One day we will drink together, communally sharing the warm feeling of hot coffee, grappa, and cinnamon in our tummies. LA GROLLA DELL’AMICIZIA is this wooden carafe from Valle d'Aosta that stays true to its meaning of commensality. Its purpose is for all Italian friends or family to pass around and drink from, each from their own spout. What could possibly be more loving than this? Or maybe not so. Whats interesting about this vessel is that you open the top, pour in the liquid, and set it on fire. The alcohol must burn out before drinking, although the residual bit is still good too.
Fondu of Fontina Valdostana is, without ruining your desire to try it, so stinky. It's funky and I wish I liked it, really I do but I can't bring myself to enjoy. It's an important DOP cheese and it's made only from the black or red Pezzata cows in the alpines. Along with that, you have over sixteen varieties of bacteria helping aide the aging process for three months and then, whats more, it gets buried in rock with high levels of humidity. I think I have you sold right? It's a great cheese, truly, and it works well with crusty, fluffy bread to dip. Just in case you don't like, make sure the pot is in the center of the table.
The Raviolo di Uovo is not for sharing. Everyone gets their own. I get my own. I confess that I had two of these today, and it's one of the best pasta meals I have had ever. Chef Odette Fada has "perfected" the raviolo after two decades of trial and error. The ricotta so creamy and smooth, perfect saltiness, pasta dough tender and bright yellow, and then the egg yolk that creates a natural sauce had me wanting my second piece before I finished the first. Also, running up to get the second one was a bit sneaky. It's like a plump pouch of all evil- everything bad for the cholesterol- and I suppose good for my mood.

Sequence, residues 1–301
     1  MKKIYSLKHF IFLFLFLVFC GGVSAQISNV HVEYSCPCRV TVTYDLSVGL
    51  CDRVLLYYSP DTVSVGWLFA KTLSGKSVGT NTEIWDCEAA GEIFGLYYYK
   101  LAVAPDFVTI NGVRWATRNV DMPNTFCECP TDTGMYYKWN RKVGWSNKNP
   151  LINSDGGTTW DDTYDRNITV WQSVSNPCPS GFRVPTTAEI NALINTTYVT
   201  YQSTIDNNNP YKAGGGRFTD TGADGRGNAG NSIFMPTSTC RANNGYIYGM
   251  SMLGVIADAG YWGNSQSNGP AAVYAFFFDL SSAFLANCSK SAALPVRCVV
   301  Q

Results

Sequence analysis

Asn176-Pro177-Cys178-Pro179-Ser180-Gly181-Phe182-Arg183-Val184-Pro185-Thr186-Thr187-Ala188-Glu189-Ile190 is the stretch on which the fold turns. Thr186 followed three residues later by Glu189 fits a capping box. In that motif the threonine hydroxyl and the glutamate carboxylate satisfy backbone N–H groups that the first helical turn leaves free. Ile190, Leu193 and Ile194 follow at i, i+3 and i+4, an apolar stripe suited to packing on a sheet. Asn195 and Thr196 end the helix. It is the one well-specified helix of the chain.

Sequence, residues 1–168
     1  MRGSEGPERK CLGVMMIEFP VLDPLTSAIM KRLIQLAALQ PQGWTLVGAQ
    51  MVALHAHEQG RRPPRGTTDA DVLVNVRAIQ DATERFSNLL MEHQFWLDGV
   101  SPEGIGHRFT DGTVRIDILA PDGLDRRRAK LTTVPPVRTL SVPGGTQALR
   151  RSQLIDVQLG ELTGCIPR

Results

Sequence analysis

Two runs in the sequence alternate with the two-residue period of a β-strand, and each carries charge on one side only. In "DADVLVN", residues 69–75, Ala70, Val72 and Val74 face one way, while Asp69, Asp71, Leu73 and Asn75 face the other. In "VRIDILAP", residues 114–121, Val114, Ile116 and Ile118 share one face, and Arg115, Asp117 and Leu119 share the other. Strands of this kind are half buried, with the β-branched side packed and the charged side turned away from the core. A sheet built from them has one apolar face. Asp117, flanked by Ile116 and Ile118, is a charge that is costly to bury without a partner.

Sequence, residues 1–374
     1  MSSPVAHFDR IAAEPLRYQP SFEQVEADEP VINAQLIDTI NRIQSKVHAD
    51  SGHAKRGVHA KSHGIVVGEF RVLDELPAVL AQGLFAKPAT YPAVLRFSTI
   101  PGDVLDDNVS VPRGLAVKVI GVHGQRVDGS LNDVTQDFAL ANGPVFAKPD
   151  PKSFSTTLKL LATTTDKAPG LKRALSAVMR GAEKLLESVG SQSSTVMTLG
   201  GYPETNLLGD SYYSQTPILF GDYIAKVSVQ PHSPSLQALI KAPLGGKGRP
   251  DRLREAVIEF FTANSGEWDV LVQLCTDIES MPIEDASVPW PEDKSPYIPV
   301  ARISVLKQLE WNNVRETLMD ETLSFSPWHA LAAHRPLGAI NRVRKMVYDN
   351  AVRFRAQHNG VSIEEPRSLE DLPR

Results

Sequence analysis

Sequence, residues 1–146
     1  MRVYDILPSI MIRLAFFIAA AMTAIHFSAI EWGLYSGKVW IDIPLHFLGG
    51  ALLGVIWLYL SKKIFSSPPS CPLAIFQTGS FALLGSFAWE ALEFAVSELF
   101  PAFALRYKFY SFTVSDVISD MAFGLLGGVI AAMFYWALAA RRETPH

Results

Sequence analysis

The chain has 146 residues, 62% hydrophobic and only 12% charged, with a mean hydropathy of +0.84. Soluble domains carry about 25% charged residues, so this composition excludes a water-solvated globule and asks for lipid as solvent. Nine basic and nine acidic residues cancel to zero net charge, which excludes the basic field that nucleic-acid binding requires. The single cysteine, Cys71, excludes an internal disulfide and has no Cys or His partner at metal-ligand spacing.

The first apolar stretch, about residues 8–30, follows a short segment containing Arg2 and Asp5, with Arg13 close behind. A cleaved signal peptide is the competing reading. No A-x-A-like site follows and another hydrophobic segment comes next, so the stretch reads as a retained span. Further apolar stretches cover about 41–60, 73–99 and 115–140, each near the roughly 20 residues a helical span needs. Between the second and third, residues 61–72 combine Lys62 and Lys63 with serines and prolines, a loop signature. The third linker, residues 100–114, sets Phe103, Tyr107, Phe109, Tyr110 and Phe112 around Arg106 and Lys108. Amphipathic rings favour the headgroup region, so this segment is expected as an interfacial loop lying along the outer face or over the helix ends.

Every day we eat these large meals that end with a little something sweet. Baci di Dama (Lady's Kisses) are petite, delicate hazelnut cookies that have a little crunch and then melt in your mouth right away. Piemonte is famous for its nocciola spread- Nutella- and a little is smeared between these domed shaped baci for a quick treat. When Napoleon taxed chocolate in the 1800s, factories began to add hazelnut flour to their chocolate to stretch the quantity of their product. And so out of this came the Gianduia, the next thing I want to try! Nutella is so unobtrusive to anything you eat it with which is why no one ever wants to share it.